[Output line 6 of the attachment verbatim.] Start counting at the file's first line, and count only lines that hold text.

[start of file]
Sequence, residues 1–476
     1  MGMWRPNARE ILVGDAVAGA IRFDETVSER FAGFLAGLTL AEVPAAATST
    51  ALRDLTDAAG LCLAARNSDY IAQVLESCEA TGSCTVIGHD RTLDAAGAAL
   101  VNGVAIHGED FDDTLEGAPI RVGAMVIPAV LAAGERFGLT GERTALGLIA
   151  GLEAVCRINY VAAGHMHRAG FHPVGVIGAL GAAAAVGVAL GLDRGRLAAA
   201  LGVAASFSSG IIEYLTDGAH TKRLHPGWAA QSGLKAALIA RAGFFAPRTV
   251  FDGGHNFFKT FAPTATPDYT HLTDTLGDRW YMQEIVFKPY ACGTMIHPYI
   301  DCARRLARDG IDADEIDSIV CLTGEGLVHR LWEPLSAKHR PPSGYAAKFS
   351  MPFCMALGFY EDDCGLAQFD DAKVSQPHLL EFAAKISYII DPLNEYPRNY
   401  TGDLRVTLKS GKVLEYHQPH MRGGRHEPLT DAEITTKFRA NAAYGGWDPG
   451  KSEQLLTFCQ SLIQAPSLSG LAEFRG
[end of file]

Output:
   201  LGVAASFSSG IIEYLTDGAH TKRLHPGWAA QSGLKAALIA RAGFFAPRTV